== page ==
The principles of circularity may provide a resolution to this debate. When viewed from a circular mindset, existing buildings have much to offer, and by designing adaptable, demountable structures, we have an opportunity to sustainably extend the lifespan of buildings and their materials.

To further understand and explore these opportunities, BCO Nextgen brought together a panel of industry experts working at the forefront of circularity. These included Rachel Hoolahan (Sustainability Coordinator at Orms), Steve Gilchrist (Project Director at Grosvenor), Andrea Charlson (Commercial Manager and Built Environment Lead at ReLondon), and Laura Batty (Structural Engineer and Associate at Heyne Tillett Steel).

 

Circular design at all scales

Rachel Hoolahan set the challenge at Orms to aim for at least one deep sustainability assignment on each project. This design-research mentality is leading to innovation that unlocks circular economy opportunities. During the panel discussions, she raised the challenges and questions brought to light during the redevelopment of 160 Old Street, a former Royal Mail sorting office.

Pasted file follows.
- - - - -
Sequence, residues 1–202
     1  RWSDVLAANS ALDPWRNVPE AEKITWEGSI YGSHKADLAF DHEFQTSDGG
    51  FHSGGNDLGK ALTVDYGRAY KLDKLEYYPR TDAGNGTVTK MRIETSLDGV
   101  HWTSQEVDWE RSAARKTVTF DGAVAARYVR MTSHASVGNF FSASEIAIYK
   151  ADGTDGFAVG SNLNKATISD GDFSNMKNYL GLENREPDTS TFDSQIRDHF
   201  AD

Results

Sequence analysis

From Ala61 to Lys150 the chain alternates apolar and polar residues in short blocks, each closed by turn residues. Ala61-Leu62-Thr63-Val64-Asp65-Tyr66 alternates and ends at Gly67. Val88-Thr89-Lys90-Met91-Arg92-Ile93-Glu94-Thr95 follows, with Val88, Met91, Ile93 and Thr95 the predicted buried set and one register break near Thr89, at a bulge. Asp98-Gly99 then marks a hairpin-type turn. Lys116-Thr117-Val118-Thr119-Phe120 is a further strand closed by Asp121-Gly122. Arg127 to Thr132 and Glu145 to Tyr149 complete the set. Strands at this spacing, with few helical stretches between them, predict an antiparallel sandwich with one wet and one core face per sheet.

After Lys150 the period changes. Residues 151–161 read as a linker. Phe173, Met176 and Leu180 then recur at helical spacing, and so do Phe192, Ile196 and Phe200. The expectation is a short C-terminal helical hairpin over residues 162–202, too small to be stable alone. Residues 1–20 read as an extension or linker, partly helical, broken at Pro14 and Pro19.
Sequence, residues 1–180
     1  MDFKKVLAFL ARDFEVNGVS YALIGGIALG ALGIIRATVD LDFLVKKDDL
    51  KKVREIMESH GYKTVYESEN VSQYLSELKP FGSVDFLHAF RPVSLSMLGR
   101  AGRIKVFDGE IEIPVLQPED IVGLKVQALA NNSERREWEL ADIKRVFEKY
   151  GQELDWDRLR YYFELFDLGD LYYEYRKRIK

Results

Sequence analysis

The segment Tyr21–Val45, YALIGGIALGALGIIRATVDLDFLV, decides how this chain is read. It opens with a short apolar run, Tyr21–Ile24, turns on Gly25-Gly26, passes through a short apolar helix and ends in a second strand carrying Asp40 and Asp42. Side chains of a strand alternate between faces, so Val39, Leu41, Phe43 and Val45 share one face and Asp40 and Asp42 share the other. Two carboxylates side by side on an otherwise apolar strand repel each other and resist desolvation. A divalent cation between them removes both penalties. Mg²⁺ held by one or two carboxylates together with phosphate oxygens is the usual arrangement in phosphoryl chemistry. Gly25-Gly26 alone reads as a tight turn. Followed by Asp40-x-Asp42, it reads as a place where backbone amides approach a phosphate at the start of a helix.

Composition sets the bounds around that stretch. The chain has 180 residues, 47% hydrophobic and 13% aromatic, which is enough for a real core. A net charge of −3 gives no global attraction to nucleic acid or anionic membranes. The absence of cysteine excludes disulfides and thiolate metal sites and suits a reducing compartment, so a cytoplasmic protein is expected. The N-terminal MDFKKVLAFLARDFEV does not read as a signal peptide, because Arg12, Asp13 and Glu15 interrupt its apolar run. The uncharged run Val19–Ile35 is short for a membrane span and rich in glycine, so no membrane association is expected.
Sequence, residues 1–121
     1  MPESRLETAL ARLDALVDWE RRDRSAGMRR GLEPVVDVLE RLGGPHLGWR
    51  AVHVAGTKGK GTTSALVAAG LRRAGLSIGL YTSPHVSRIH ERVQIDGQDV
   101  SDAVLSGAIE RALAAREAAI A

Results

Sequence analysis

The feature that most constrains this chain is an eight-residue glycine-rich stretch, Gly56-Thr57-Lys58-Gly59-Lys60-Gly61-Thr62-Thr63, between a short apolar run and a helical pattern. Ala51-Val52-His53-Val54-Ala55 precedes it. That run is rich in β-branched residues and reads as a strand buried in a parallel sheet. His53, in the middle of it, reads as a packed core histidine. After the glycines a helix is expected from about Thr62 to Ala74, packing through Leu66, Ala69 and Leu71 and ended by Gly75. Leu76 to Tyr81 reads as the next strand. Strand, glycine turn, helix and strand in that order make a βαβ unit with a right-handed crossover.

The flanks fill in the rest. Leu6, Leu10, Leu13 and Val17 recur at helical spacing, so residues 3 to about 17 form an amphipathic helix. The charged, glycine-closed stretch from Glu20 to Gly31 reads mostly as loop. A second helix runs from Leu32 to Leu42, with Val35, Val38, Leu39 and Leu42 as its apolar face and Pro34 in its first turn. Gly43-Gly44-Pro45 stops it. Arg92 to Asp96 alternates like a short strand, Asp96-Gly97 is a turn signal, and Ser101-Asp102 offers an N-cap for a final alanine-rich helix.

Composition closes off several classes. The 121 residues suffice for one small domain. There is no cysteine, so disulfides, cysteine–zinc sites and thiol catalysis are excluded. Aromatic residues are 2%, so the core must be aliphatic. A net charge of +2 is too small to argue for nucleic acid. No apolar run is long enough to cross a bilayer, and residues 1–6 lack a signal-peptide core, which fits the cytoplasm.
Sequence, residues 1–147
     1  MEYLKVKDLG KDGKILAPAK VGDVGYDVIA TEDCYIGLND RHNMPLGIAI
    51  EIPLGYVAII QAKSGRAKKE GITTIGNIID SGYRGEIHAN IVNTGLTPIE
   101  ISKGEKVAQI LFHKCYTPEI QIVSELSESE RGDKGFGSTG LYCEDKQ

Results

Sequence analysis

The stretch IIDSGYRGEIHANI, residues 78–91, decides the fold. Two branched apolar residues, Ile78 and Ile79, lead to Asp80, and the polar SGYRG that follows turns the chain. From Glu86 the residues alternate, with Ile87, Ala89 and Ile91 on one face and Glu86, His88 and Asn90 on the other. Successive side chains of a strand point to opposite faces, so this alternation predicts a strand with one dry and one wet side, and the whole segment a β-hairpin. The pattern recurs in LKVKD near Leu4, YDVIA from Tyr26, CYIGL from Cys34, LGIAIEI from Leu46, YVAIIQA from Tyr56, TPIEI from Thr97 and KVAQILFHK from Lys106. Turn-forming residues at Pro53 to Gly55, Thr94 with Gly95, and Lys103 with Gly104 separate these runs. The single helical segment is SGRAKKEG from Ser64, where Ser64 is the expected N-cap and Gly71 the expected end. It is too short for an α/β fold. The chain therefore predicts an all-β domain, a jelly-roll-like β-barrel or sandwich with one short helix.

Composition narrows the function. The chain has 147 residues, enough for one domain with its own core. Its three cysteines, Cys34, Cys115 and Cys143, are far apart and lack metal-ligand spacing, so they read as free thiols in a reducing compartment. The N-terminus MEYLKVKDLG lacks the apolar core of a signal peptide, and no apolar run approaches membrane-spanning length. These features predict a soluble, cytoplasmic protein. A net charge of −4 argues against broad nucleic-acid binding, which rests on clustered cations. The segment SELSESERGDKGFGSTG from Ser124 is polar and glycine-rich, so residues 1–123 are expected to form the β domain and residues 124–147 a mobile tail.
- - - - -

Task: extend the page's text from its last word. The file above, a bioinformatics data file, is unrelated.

The project achieved a 70 percent uplift in net internal area through a reconfiguration and extension, while retaining 76 percent of the existing structure, saving nearly 3,000 tons of COemissions. The key challenge, however, was ensuring the additional floorplates were flexible and of a high-quality, as expected in a new building. Although the retention and extension of the existing structure had the biggest carbon savings, it was in the selection, specification and design of new elements that needed the most challenging. Hoolahan gave the example of the ceramic sinks in the washrooms, which could be “easily uninstalled, disassembled and reused in the future, [while opening] up the opportunity to source reused sinks as the initial specification.”